In 2011, the UK was shaken by an unprecedented outbreak of looting, arson and violent crime that began with the London riots.
While many observers chose to focus on the hapless thieves photographed brazenly looting bags of crisps and trainers from bargain stores, far less attention was paid to the fact that one in five of the rioters later hauled before the courts was affiliated with a gang – a percentage that Dr Simon Harding, Senior Lecturer in Criminology at Middlesex University, says was in reality much higher.
"Many of the gang element were smart and didn't get arrested," he says. "They covered their faces and moved their stolen goods on quickly, unlike the opportunists."
Noting that the number of gang members involved in the Brixton riots of the 1980s was only one per cent, he believes that the seemingly clear link between gangs and the 2011 riots should have been addressed by a police force that was too quick to say they did not play a pivotal role.
"The riots had very little to do with politics or making money from stolen goods," Dr Harding says.
"They represented an enormous opportunity for people involved in gangs to build their 'street capital' – it was a reputational extravaganza. They might only have sold each stolen plasma TV for £50, but the opportunity to advance their reputations quickly was priceless."
'Street capital' is a term from Dr Harding's latest book The Street Casino: Survival in Violent Street Gangs, which uses the metaphor of a gambling house to explain the dynamics of London's gangs.
Like poker players trying to acquire chips, gang members look to increase their street capital in order to best their peers.
"All of them are in competition to achieve a level of distinction," he explains. "They are compelled to play the game on a daily basis and they all think they're going to be winners but, in reality, the house always wins."
Dr Harding, whose previous work includes Unleashed: The Phenomenon of Status Dogs and Weapon Dogs, gathered the information for his latest book using "a 360-degree approach" – involving conversations not only with gang members accessed through local charities but also parents, residents, probation officers and others, in order to help him separate the myth from the reality.
During his interviews, the gang members, who Dr Harding says didn't view him as "a threat", talked to him openly about violence and drugs – giving a fascinating insight into their daily lives.
He discovered that they face a daily struggle to build and defend their own personal brands, leaving them in "a hyper-vigilant state of perpetual high anxiety", as they attempt to navigate an ever-shifting "landscape of risk".
According to Dr Harding, social media has played a huge role in the increase in the frequency, intensity and severity of gang violence in the capital in recent years, due to its ability to change this "social field" in an instant – with relationships generated or destroyed at the click of a button.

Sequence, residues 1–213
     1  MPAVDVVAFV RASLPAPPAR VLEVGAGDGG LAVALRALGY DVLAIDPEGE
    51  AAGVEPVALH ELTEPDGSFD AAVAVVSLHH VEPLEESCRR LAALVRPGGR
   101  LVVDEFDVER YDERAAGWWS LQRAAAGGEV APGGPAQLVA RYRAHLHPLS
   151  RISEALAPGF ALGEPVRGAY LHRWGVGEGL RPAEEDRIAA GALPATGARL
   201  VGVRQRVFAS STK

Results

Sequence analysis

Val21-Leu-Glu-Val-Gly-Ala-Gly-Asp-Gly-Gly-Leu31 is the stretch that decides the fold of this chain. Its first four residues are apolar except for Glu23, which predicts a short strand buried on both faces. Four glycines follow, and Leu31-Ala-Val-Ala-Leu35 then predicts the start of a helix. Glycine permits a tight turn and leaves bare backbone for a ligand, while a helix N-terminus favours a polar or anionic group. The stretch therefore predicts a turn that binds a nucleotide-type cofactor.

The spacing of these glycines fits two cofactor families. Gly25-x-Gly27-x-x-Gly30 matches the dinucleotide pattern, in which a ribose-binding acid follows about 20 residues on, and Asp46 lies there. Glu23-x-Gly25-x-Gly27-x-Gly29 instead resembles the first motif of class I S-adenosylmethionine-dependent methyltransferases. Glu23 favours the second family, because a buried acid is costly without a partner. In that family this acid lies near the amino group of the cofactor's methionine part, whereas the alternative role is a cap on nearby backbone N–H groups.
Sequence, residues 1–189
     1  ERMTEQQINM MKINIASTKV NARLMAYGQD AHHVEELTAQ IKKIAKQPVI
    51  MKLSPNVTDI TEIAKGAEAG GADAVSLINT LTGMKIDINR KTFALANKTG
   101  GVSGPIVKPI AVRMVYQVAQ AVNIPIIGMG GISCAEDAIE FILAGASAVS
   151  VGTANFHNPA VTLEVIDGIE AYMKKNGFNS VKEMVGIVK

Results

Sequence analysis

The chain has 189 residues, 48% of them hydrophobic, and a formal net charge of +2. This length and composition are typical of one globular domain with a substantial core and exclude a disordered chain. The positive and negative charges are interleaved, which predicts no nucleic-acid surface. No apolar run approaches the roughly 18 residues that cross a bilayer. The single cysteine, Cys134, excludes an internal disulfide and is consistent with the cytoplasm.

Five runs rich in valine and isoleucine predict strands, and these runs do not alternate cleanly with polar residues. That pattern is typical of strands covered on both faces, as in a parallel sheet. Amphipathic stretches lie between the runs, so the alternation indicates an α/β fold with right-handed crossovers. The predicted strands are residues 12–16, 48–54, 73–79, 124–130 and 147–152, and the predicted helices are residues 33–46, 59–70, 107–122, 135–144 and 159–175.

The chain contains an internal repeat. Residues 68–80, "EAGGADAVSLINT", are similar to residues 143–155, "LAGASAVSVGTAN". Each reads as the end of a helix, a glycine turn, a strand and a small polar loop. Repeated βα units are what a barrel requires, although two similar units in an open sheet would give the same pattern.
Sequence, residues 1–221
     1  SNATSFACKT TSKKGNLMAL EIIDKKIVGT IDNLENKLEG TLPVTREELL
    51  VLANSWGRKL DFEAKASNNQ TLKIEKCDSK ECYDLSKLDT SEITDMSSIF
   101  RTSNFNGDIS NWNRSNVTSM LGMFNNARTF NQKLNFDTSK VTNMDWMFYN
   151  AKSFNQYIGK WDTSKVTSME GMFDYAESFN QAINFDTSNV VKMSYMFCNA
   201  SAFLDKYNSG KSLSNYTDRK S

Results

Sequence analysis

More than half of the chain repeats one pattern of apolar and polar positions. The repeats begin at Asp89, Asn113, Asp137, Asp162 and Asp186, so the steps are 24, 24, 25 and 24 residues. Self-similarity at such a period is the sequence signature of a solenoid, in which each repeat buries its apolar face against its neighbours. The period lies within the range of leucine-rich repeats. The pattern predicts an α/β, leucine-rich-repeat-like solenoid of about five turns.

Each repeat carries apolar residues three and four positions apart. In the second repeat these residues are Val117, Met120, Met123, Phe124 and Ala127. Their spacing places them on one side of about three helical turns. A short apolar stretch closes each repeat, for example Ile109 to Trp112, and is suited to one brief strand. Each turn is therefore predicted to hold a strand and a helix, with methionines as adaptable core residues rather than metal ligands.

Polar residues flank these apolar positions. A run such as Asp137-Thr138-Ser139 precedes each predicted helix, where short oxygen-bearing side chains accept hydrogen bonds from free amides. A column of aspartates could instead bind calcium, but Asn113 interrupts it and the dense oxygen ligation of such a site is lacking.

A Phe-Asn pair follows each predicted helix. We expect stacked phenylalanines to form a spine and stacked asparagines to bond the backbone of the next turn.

Other factors behind this surge of violence are an increase in the number of "players" involved in the "game", including immigrants from different cultures; a shift towards people playing the game for longer, with people starting younger and leaving later; and a "compulsion" to play the game due to a lack of plausible alternatives for London's impoverished youth.
For Dr Harding, tackling poverty is the key issue when it comes to addressing London's gang problems, rather than criticising black rap culture, as the historian David Starkey chose to do during the 2011 riots.
"Hip hop and grime music are cultural expressions of people's experience," he says.
"I don't believe they influence people to do something. The lyrics are bleak because that's what people are experiencing. The real wellspring is poverty, compounded by racism. Gang members are largely forgotten about and ignored because it's an existence adults don't understand. They blame the kids but, for many, there is no plausible alternative. But it's our responsibility – we've created these areas of London."
It is this view that Dr Harding will be sharing with government policy makers, probation services, local charities and others during a one-day conference at Middlesex University on 5 September.
'A New Direction on the Question of London Street Gangs?' will also provide the perfect setting for Dr Harding to launch The Street Casino.
The conference is preceded by a five-day exhibition of photographs (several of which illustrate this feature) by Simon Wheatley, taken from his book Don't Call Me Urban: The Time of Grime, which tells the story of London's council estates. See them on show for free in the Grove Atrium at the Hendon campus.
Photos are for illustrative purposes only. Those depicted did not take part in Simon Harding's study. All images, except that of Simon Harding, copyright Simon Wheatley.